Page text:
How to set graphics hardware acceleration back
Windows uses software called "video drivers" to communicate with your computer's screen. If the video driver or its hardware aren't perfect, it can cause display problems, especially with software like PowerPoint, which really gives the display a good workout.
If you're having display problems, there's a Windows setting that can help you track down the cause of the problem and temporarily work around it. It's called Graphics Hardware Acceleration. Here's how you use it:
If you use Windows 95, 98, etc.
- Choose Start, Settings, Control Panel
- In Control Panel, doubleclick the System icon
- Click the Performance tab
- Click the Graphics button
- Drag the Hardware Acceleration slider all the way to the left
- Click OK as many times as needed to return to the desktop.
- Restart the computer if necessary.
If you use Windows ME
- Rightclick the Windows desktop and choose Properties
- Click the Settings tab, then click Advanced
- Click Performance
If you use Windows 2000 or XP
- Rightclick the Windows desktop and choose Properties from the popup menu
- Click the Settings tab and then click Advanced
- In the next dialog box, click the Troubleshoot tab
- Under Hardware acceleration, move the slider one notch to the left.
- Click OK as many times as needed to return to the Desktop.
If you use Windows Vista
- Rightclick the Windows desktop and choose Personalize.
- Click "Display Settings".
- In the Display Settings dialog box, click "Advanced Settings..."
- On the resulting dialog box, click the "Troubleshoot" tab.
- Click "Change Settings"
- You'll probably see a User Account Control message box asking for permission to continue. Click "Continue"
- On the resulting Display Adapter Troubleshooter dialog box, move the slider one notch to the left.
- Click OK as many times as needed/close any windows that opened along the way, and return to the Windows desktop.
After changing acceleration, re-test
After setting the acceleration back, repeat whatever whatever caused the problem in the first place to see if it's now fixed.
You can either reduce the acceleration a notch at a time until the problem goes away, or move it all the way to the left, test, then if that cures it, try moving it to the right again until the problem recurs, then back off one notch.
If changing the video hardware acceleration solves the problem, it's a signal that your computer's video driver isn't quite perfect. Check with the manufacturer (of the video system or the computer) to see if updated drivers are available. Even if your PC is brand-new, it's probably been several weeks or months since it was built and video drivers change almost daily. (See below for more information on this).
Note that by default PowerPoint 2002 (XP), 2003 and 2007 do not use Hardware Graphics Acceleration in Slide Show view. This is by design, in order to minimize the chance of video hardware and driver errors. However, you or some other user may have enabled this feature. If you experience problems during slide shows, choose Slideshow, Set-Up Show and remove the checkmark next to "Use hardware graphics acceleration".
I paid good money for this video card. Why should I have to deliberately slow it down?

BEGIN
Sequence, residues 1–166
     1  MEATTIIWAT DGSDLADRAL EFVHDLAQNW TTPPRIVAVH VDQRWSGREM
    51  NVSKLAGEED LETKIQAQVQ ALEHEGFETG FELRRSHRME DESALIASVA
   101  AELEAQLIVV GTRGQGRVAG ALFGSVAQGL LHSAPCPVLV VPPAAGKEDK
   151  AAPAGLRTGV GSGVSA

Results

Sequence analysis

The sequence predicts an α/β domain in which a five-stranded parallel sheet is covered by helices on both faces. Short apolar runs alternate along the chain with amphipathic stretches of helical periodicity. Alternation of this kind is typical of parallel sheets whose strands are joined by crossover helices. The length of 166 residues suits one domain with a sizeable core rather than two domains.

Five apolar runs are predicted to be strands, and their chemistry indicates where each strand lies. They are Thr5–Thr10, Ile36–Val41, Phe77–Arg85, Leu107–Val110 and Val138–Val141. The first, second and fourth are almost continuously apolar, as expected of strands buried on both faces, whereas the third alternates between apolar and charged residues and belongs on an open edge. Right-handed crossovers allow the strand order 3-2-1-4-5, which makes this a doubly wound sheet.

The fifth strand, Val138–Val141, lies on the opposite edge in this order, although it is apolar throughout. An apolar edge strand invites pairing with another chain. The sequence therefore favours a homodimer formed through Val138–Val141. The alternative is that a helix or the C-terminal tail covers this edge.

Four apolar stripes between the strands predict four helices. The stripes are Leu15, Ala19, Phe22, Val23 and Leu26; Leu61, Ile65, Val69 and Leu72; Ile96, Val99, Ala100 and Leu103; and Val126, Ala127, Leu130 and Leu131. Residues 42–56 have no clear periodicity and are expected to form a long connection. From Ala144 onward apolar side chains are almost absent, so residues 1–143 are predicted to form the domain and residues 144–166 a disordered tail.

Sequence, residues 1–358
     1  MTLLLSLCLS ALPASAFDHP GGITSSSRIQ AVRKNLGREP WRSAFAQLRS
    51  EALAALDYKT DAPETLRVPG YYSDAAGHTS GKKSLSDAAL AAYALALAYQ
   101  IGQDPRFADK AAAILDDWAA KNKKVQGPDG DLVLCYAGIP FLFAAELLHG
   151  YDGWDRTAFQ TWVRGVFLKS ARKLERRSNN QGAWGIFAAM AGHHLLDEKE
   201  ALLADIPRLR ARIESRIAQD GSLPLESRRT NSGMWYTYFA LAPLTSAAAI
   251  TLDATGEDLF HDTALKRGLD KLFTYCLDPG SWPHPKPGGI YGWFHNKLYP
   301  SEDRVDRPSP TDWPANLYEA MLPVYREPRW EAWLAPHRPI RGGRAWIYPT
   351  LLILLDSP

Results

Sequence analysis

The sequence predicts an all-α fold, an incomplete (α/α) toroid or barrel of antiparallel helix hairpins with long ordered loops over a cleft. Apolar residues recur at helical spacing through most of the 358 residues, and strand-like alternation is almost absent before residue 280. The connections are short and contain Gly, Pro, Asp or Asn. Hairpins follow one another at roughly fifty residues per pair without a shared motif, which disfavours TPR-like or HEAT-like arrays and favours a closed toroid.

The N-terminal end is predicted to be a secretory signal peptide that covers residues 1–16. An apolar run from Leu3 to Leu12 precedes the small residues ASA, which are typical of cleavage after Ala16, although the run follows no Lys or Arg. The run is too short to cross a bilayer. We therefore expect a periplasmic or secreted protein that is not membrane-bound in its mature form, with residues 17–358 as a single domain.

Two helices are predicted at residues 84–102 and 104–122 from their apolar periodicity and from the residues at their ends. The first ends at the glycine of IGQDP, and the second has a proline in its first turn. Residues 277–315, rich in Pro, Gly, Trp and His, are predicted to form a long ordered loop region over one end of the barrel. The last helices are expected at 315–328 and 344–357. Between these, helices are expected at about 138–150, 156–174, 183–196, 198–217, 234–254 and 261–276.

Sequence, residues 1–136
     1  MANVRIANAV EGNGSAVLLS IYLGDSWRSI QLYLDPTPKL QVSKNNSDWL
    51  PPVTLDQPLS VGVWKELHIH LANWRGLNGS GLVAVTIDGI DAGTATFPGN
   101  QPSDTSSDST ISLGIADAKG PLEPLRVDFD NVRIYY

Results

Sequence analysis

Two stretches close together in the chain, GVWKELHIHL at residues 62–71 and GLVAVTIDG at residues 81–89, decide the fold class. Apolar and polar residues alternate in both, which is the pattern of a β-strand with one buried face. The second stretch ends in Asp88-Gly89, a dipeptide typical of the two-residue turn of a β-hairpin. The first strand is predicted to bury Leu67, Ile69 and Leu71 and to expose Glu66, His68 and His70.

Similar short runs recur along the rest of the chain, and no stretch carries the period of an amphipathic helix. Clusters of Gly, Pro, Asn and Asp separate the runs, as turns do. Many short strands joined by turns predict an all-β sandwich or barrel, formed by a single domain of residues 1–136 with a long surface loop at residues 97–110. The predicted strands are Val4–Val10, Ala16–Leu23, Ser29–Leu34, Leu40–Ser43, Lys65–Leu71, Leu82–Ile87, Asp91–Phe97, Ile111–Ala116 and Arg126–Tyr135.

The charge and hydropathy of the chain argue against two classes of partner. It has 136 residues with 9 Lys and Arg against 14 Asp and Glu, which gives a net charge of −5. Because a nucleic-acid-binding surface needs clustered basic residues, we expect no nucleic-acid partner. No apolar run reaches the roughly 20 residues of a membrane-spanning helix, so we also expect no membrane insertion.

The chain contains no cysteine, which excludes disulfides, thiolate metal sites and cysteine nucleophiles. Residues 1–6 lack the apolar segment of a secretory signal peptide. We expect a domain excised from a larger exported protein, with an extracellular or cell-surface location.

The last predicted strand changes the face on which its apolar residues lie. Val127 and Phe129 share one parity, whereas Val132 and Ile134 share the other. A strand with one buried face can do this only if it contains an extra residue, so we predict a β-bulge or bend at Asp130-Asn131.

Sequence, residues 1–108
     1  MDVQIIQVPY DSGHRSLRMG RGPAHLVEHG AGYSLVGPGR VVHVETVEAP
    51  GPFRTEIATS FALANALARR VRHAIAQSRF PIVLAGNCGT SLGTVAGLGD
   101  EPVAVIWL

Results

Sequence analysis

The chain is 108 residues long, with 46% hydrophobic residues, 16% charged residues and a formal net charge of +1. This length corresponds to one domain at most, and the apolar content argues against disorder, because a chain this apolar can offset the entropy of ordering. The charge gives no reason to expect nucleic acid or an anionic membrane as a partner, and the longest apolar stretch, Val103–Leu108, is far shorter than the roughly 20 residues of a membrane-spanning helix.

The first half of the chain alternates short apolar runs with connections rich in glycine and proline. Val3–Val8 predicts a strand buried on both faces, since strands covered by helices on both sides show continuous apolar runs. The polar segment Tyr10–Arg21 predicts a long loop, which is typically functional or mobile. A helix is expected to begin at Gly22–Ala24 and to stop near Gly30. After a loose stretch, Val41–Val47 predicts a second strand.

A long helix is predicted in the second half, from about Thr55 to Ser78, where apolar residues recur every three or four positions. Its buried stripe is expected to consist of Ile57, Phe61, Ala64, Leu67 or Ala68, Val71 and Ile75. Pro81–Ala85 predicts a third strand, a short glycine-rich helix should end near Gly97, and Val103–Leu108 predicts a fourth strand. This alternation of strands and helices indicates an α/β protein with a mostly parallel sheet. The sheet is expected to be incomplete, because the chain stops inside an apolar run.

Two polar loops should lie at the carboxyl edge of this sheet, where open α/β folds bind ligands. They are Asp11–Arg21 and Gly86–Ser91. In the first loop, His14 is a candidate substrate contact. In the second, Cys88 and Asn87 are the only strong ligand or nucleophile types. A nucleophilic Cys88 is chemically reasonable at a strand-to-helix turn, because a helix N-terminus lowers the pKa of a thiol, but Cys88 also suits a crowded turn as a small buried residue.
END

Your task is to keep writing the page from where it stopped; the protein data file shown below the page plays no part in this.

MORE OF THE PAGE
It really goes against the grain to pay extra for speed and then turn it off, doesn't it? But consider:
- Turning down hardware acceleration is just a test procedure. It helps you learn whether the driver is doing its job correctly. It's also a workaround to prevent problems if the driver's not. The fix is to get an updated driver.
- Turning down acceleration doesn't usually cause any obvious slowdown. In fact you may find that it's simpler to leave it set back a notch or two than to mess around with new video drivers (that may solve one problem but introduce another).
What happens when I turn down hardware acceleration?
Windows uses your video driver to put graphics and text and animations on the computer screen. Some video cards and drivers have more advanced capabilities than others, so Windows first asks the driver "Can you do this" and if the driver says it can, Windows turns the task over to the driver.
Most of the time this works out well. The video manufacturer's own software can usually do a better and faster job than Windows itself can. But sometimes there's a bug in the driver software and it can't really do everything it claims to be able to do. That's when you see video problems in PowerPoint or other programs.
Every time you turn hardware acceleration back a notch, you're telling Windows to handle another group of video tasks itself rather than turning them over to the video driver. Windows may handle these tasks in a simpler and slower manner but it's more standardized and reliable, so letting Windows handle it may eliminate the video problem.
How to check your video driver version
If you visit your video card or computer manufacturer's site to check for driver updates, they may give you nothing more than a date or number to go by. Here's how you can check the version of your current driver so you have something to compare their numbers to:
- Click Start
- Click "Computer"
- Click "System Properties"
- Click "Device Manager" (click Continue if User Access Control message appears)
- Click the plus sign next to "Display adapters"
- Right-click the name of the display adapter that appears and choose Properties from the pop-up menu that appears
- Explore the tabs on the driver's Properties dialog box to locate driver manufacturer and version information
- You may wish to let Windows search for updated drivers; generally we'd recommend checking the manufacturer's web site instead.
Previous Windows versions
- Right-click My Computer
- Click Manage
- In the list on the left, click "Device Manager"
- In the list that appears on the right, click the plus sign next to "Display adapters"
- Right-click the display adapter and choose Properties
- On the Properties page that appears, click the Driver tab